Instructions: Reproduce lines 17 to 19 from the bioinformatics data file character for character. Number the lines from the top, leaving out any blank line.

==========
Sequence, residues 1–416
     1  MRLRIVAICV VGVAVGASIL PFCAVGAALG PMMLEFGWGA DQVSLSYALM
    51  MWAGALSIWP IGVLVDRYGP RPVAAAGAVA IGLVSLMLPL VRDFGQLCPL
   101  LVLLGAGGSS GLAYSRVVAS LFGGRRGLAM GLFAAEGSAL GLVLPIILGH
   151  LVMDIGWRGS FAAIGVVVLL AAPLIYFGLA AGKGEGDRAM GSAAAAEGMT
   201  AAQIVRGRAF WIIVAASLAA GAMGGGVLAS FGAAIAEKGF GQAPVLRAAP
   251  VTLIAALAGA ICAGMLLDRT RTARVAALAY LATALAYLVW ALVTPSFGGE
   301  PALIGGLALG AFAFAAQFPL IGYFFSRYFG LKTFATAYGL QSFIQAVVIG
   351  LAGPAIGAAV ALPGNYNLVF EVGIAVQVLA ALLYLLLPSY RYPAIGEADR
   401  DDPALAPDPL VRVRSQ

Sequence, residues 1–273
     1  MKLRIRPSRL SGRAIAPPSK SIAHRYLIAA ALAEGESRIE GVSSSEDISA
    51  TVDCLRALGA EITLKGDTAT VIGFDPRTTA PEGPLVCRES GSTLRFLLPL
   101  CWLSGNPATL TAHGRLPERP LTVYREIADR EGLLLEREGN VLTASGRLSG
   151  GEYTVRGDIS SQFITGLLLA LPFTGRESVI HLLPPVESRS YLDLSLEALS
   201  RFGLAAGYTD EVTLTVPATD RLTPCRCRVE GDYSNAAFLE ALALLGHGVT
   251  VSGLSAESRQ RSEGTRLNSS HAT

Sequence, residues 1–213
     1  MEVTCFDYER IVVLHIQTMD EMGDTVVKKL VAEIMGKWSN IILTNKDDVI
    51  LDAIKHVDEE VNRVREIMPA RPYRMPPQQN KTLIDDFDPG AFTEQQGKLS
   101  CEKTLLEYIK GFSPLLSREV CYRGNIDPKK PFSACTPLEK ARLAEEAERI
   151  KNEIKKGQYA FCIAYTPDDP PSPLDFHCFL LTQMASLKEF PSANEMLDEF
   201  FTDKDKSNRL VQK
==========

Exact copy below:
   251  VSGLSAESRQ RSEGTRLNSS HAT

Sequence, residues 1–213
     1  MEVTCFDYER IVVLHIQTMD EMGDTVVKKL VAEIMGKWSN IILTNKDDVI